From Nine Dangerous Things You Were Taught in School (Forbes) by Jessica Hagey
- The people in charge have all the answers
- Learning ends when you leave the classroom
- The best and brightest follow the rules
- What the books say is always true
- There is a very clear, single path to success
- Behaving yourself is as important as getting good marks
- Standardized tests measure your value
- Days off are always more fun than sitting in the classroom
Hmmmm. I'd agree with all of these based on my experiences. Go Jessica!
But I'd also add a few...
- There is one right answer to every question. At least to every important question. In fact those who can come up with the most right answers will do well in this economy.
- The purpose of your education is make sure you can get a good job. The real value of education is to help make sense of the world, to open your eyes to new points of view, and to help you hone skills that will allow you accomplish tasks you feel are personally important.
- The more money you make, the happier you will be. Once you make enough money for the basices, making a difference, not making money, will make you happy.
- Heredity is fate. There will always be "the first person in the family to ____________" scenarios. Not enough, but enough to know it's possible. And your school experience does not have to be the same as that of your big brother or sister.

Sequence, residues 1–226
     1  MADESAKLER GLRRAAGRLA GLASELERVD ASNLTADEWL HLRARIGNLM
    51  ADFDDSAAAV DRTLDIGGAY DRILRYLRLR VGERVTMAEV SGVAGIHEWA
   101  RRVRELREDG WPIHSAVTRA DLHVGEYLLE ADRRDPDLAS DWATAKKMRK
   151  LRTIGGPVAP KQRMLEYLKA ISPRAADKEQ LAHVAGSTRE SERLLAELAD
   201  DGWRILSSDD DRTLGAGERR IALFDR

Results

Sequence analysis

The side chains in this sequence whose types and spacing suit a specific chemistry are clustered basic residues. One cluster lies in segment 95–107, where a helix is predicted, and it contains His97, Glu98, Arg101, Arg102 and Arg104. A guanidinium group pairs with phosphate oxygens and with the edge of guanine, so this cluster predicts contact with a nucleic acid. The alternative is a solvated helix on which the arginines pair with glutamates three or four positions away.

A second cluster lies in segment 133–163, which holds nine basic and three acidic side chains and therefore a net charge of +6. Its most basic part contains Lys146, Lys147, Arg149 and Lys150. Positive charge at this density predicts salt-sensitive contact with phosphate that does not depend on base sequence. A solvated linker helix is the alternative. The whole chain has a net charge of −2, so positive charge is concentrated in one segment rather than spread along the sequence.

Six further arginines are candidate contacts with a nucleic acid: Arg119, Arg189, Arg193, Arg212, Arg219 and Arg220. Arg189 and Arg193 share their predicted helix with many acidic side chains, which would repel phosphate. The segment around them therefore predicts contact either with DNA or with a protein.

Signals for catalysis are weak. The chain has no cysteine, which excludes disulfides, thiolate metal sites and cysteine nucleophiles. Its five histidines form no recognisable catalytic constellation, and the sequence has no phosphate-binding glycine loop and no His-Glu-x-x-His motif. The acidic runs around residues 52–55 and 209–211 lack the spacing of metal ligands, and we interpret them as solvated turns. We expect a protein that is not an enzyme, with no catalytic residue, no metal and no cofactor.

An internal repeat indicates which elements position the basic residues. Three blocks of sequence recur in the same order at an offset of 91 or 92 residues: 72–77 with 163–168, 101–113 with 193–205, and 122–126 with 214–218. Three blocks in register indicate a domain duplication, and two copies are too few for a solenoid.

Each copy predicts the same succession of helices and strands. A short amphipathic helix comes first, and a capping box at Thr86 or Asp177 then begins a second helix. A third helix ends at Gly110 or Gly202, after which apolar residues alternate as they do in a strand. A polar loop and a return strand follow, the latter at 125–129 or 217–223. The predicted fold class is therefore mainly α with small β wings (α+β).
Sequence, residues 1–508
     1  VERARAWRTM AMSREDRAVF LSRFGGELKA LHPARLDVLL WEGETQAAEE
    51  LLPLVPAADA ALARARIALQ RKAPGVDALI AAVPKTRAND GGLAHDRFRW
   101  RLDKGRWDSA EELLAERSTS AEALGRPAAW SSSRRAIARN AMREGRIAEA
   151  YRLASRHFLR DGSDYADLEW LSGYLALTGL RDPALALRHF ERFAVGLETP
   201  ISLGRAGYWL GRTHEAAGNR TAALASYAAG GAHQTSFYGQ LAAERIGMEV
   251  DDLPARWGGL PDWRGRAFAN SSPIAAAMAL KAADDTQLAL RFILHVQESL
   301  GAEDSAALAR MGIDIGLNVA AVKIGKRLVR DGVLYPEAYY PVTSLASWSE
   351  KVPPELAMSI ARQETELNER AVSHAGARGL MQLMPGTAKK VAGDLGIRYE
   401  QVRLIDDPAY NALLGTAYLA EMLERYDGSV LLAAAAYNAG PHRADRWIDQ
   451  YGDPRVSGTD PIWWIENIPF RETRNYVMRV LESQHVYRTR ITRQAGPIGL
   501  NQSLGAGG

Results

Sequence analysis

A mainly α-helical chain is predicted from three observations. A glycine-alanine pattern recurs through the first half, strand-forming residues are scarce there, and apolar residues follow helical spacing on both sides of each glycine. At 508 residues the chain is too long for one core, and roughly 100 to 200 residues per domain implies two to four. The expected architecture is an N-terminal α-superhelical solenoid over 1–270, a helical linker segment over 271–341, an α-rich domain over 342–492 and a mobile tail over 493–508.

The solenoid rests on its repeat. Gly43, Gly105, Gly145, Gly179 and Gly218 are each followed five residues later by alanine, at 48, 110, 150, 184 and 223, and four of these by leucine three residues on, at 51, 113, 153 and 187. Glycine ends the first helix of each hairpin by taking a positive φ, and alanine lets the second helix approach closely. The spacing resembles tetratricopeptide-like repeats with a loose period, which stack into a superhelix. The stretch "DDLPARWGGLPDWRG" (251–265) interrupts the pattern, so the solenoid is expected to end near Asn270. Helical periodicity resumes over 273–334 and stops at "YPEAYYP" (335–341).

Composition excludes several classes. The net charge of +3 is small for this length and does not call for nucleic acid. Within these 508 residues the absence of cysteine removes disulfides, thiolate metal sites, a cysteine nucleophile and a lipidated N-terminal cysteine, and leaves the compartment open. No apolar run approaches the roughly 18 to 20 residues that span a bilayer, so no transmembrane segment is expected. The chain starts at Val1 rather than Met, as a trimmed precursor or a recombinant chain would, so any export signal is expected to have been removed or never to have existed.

- Popularity = success. Listen to Springsteen's "Glory Days". At least three times.
- You have to be smart at everything. Good at math and science, but poor at English and social studies. Don't sweat it. Really smart people tend to be smart in the intersection of two fields, say technology and health. Focus on your passions.
- Classwork is more valuable than extracurricular activities or a parttime job. There is still too much learning for the sake of doing better at the next high level of education. You'll learn life's best lessons on the basketball court or your first paying job.
- You should like every teacher you have. This is impossible. You should learn how to work with every teacher, however, since one day you'll need to learn to work lots of people.
- Objectivity trumps passion. It's the Captain Kirks, not the Mr. Spocks, that discover new worlds.
What dangerous things were you taught in school?